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Proc Natl Acad Sci U S A. 1975 Sep;72(9):3585-9.

Normal genetically mosaic mice produced from malignant teratocarcinoma cells.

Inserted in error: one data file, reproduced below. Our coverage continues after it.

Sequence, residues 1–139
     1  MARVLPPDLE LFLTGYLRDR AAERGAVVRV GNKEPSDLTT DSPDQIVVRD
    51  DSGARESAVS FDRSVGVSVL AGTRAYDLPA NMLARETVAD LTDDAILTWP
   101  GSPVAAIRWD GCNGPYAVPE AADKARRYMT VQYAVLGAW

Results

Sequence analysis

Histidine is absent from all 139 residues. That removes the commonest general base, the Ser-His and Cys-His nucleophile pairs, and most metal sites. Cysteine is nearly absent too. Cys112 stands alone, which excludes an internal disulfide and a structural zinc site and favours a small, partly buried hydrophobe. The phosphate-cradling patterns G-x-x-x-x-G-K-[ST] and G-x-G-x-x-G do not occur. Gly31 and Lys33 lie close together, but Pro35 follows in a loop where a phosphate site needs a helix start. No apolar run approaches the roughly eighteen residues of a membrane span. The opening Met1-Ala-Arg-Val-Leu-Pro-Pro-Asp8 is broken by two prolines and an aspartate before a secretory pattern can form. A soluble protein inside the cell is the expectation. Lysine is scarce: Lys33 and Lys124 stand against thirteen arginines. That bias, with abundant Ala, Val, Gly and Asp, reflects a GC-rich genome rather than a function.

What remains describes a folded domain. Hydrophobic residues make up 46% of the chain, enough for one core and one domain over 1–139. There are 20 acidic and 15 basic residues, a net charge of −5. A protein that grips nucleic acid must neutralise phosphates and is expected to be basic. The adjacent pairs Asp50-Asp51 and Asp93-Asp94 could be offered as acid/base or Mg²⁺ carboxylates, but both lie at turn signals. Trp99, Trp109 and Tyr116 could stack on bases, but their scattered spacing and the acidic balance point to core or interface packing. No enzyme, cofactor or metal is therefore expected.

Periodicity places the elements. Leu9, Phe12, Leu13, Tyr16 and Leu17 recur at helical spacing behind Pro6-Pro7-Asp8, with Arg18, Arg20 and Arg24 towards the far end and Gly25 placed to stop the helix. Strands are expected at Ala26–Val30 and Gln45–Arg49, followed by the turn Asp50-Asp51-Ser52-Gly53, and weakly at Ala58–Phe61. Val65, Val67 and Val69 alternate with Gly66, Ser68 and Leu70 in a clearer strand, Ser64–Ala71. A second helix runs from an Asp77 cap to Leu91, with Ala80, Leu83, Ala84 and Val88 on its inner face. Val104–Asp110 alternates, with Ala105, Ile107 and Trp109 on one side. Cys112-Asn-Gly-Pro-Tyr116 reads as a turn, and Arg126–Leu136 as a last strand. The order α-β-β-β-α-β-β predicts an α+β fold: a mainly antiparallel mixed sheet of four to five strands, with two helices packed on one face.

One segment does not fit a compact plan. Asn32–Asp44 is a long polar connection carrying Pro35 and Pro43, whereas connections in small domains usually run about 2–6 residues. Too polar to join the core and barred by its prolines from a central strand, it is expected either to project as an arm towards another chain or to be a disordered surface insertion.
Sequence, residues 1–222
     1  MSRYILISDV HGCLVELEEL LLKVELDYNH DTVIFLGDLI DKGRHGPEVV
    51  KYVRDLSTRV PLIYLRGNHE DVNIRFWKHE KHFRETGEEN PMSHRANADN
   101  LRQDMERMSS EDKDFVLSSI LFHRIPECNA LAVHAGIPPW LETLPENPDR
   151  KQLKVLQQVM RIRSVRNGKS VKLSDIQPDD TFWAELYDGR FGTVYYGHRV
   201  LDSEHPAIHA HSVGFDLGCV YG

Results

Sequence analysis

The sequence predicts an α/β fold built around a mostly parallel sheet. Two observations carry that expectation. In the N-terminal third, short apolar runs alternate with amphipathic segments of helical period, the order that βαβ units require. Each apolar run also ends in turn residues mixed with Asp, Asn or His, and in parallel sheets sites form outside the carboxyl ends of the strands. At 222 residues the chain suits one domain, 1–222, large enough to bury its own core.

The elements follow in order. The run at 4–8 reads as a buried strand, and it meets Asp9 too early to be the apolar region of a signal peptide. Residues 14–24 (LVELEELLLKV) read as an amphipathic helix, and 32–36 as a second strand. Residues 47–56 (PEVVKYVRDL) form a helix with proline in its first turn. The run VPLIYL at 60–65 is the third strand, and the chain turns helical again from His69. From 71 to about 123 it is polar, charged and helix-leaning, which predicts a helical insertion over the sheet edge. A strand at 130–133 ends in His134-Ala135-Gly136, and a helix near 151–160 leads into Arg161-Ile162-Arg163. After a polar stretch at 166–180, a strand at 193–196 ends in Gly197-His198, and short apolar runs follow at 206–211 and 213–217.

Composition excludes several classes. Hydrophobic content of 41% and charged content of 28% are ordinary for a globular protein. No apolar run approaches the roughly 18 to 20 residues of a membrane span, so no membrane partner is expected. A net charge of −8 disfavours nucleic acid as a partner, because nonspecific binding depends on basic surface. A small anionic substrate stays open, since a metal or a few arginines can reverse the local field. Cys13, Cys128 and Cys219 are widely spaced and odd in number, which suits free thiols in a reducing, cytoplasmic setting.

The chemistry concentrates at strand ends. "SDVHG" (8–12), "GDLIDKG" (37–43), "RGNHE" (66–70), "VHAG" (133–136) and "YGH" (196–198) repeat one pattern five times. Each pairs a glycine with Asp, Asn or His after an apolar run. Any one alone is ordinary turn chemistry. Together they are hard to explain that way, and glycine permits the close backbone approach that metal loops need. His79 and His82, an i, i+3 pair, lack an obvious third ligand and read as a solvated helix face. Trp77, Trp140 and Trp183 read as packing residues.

Malignant mouse teratocarcinoma (or embryonal carcinoma) cells with a normal modal chromosome number were taken from the "cores" of embryoid bodies grown only in vivo as an ascites tumor for 8 years, and were injected into blastocysts bearing many genetic markers, in order to test the developmental capacities, genetic constitution, and reversibility of malignancy of the core cells. Ninety-three live normal pre- and postnatal animals were obtained. Of 14 thus far analyzed, three were cellular genetic mosaics with substantial contributions of tumor-derived cells in many developmentally unrelated tissues, including some never seen in the solid tumors that form in transplant hosts. The tissues functioned normally and synthesized their specific products (e.g., immunoglobulins, adult hemoglobin, liver proteins) coded for by strain-type alleles at known loci. In addition, a tumor-contributed color gene, steel, not previously known to be present in the carcinoma cells, was detected from the coat phenotype. Cells derived from the carcinoma, which is of X/Y sex chromosome constitution, also contributed to the germ line and formed reproductively functional sperms, some of which transmitted the steel gene to the progeny. Thus, after almost 200 transplant generations as a highly malignant tumor, embryoid body core cells appear to be developmentally totipotent and able to express, in an orderly sequence in differentiation of somatic and germ-line tissues, many genes hitherto silent in the tumor of origin. This experimental system of "cycling" teratocarcinoma core cells through mice, in conjunction with experimental mutagenesis of those cells, may therefore provide a new and useful tool for biochemical, developmental, and genetic analyses of mammalian differentiation. The results also furnish an unequivocal example in animals of a non-mutational basis for transformation to malignancy and of reversal to normalcy. The origin of this tumor from a disorganized embryo suggests that malignancies of some other, more specialized, stem cells might arise comparably through tissue disorganization, leading to developmental aberrations of gene expression rather than changes in gene structure.

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